Between 1920 and 1930, the number of people living in Texas increased from over 4.6 million to over 5.8 million; and the percentage of Texas residents who now lived in urban towns and cities with populations above 2,500 people increased from 34 to 41 percent. By 1930, for example, over 292,000 people lived in Houston, over 260,000 people lived in Dallas, over 231,000 people lived in San Antonio and over 163,000 people lived in Fort Worth—although the number of people living in Austin in 1930 was still less than 54,000.
But between 1920 and 1930 the percentage of farmers in Texas who were now just tenant farmers also increased to 61 percent. And in Texas during “The Roaring Twenties,” as Randolph Campbell’s Gone To Texas recalled:
“Thousands upon thousands of farmers continued to live in destructive poverty as tenants and sharecroppers. Giant corporations still wielded monopoly power because anti-trust and regulatory laws had always aimed more at `foreign’ businesses…Laws protecting children in industry…went unenforced…The doctrine of white supremacy ruled race relations, and in South Texas Anglo bosses exploited Texans of Mexican descent politically and economically…”
Alwyn Barr’s Black Texans, for example, observed:
“…Mob violence increased in the early 1920s with the rise of the new Ku Klux Klan…Klansmen branded a black bellhop in Dallas with acid and castrated a light-skinned Negro accused of relations with a white woman. They raided the office of the Houston Informer and threatened the Dallas Express, both black papers. Hooded groups beat a black youth in Texarkana , removed two Negroes from the Denton jail to flog them, and forced black cotton pickers near Corsicana to end their strike for higher wages…”
In addition, during the 1920s, “the new Klan, which claimed over 100,000 members in the state, proved powerful enough…to help elect Earle B. Mayfield, a Klansman, to the United States Senate from Texas,” the same book noted. According to Gone To Texas :
“The KKK arrived in Texas in September 1920 when a kleagle came to Houston and recruited 100 men into the state’s first local chapter. `The initial roster represented literally a glossary of Houston ’s Who’s Who,’ wrote one observer. The charter members were silk-stocking men from the banks, business houses, and professions…From its Houston beginning, the Klan spread rapidly across the state. In January 1922, when membership reached more than 75,000, Texas was organized as a realm of the `Invisible Empire’ under its own grand dragon, A.D. Ellis, an Episcopal priest from Beaumont . That same year women…obtained a Texas charter as the Women of the Invisible Empire of America. In June 1923, 1,500 masked and robed klanswomen held a parade through Fort Worth . Eventually male membership alone stood at approximately 150,000.”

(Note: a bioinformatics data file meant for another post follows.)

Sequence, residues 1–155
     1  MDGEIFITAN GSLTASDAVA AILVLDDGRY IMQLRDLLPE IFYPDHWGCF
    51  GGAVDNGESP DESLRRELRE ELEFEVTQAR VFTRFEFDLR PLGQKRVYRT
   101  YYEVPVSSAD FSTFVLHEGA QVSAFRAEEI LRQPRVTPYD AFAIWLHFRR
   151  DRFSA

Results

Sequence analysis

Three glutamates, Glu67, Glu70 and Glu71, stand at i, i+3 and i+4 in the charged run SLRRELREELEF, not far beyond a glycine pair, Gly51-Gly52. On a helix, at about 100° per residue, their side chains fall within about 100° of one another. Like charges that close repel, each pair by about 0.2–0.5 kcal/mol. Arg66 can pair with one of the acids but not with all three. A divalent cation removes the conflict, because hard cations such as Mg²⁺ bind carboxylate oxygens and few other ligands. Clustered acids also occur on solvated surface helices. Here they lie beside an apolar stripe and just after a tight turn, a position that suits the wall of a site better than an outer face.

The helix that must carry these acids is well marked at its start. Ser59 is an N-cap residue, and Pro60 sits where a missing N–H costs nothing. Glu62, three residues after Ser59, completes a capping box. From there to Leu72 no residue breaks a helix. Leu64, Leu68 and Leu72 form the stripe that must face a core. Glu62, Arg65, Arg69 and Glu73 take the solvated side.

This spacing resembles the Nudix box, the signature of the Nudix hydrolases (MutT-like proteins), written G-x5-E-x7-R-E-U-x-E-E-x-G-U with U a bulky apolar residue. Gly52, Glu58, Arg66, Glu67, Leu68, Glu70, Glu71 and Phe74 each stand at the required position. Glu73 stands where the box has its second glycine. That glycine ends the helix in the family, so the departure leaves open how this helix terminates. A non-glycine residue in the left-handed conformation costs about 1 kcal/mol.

Some opposition to the KKK’s growing influence in Texas electoral politics began to apparently develop within Texas white power structure and political establishment circles (who then backed state-wide candidates that were able to defeat some KKK members who ran against them) by 1924. But as Merline Pitre’s In Struggle Against Jim Crow noted:
“The Ku Klux Klan in the 1920s was a viable force in Houston and throughout the state. In Texas , this vigilante group occupied a position of power and influence unequaled in any other state, giving Texas the designation of Star Klan State . Houston was dubbed as the Star Klan City …In 1921, Houston Klansmen, led by Deputy Sheriff George E. Kimbro, attacked and castrated a black dentist and beat a white lawyer who represented him. Several years later, the Klan tarred and feathered a black physician. In 1928, a Houston mob dragged a black man, accused of killing a white police officer, from his bed in a local hospital and hanged him from a bridge—a murder for which no one was ever convicted. Additionally, a Klan newspaper, Colonel Mayfield’s Weekly, circulated throughout the city.
“[In Houston ] in 1920, backed by a city ordinance, the American Legion excluded blacks from the annual Armistice Day parade. Blacks also were prohibited from voting in the municipal elections of February 1921. In 1923 and 1924, respectively, blacks were banned from standing in the same lines as whites to purchase stamps at the post office and to pay property taxes at the Harris County Courthouse. In 1925, the Electric Company excluded blacks from riding its buses, while in 1926, the Majestic Theater refused to admit blacks on weekends.”
In 1921, Houston ’s Democratic Party also passed “a resolution allowing only whites to vote in the upcoming Democratic primary;” and in 1923 the Texas state legislature passed a law stating that “only white Democrats and none other” could vote in primary elections, according to the same book.
Between 1920 and 1930, the KKK was also visibly active on the streets of Austin, Texas. In 1921, for example, “500 white-robed and hooded Ku Klux Klansmen from Austin and San Antonio marched single file in silence up and down Congress Avenue, while thousands of spectators looked on,” according to David Humphrey’s Austin: An Illustrated History. The same book also observed:
“ Capital City Klan No. 81 was organized in 1921 and a year later had 1,500 members including the sheriff of Travis County and apparently other highly placed city and county police officials. The Klan thrived in Austin in the early and mid-1920s…In the mid-1920s the Klan even purchased a sizable piece of property off South Congress Avenue and erected a hall or `Klan haven’…”
So, not surprisingly, Austin’s “1928 city plan recommended that East Austin be designated a `Negro district’ and that municipal services for blacks, such as schools and parks, be confined to this district” and so “thirteen-acre Rosewood Park in East Austin provided recreational facilities for blacks, but other city parks were closed to them,” according to Austin: An Illustrated History.